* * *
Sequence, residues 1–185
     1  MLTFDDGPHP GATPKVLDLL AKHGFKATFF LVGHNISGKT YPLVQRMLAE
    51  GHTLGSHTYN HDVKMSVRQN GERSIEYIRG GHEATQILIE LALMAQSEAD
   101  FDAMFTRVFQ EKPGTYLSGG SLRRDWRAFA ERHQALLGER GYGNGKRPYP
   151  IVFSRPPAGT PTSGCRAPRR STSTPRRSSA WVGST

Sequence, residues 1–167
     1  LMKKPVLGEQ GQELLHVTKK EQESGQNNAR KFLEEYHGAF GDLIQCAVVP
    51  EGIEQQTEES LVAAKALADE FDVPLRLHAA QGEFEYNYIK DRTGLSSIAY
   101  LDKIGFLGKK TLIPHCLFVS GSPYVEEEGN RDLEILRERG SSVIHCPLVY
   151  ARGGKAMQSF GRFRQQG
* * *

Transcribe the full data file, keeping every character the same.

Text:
Sequence, residues 1–185
     1  MLTFDDGPHP GATPKVLDLL AKHGFKATFF LVGHNISGKT YPLVQRMLAE
    51  GHTLGSHTYN HDVKMSVRQN GERSIEYIRG GHEATQILIE LALMAQSEAD
   101  FDAMFTRVFQ EKPGTYLSGG SLRRDWRAFA ERHQALLGER GYGNGKRPYP
   151  IVFSRPPAGT PTSGCRAPRR STSTPRRSSA WVGST

Sequence, residues 1–167
     1  LMKKPVLGEQ GQELLHVTKK EQESGQNNAR KFLEEYHGAF GDLIQCAVVP
    51  EGIEQQTEES LVAAKALADE FDVPLRLHAA QGEFEYNYIK DRTGLSSIAY
   101  LDKIGFLGKK TLIPHCLFVS GSPYVEEEGN RDLEILRERG SSVIHCPLVY
   151  ARGGKAMQSF GRFRQQG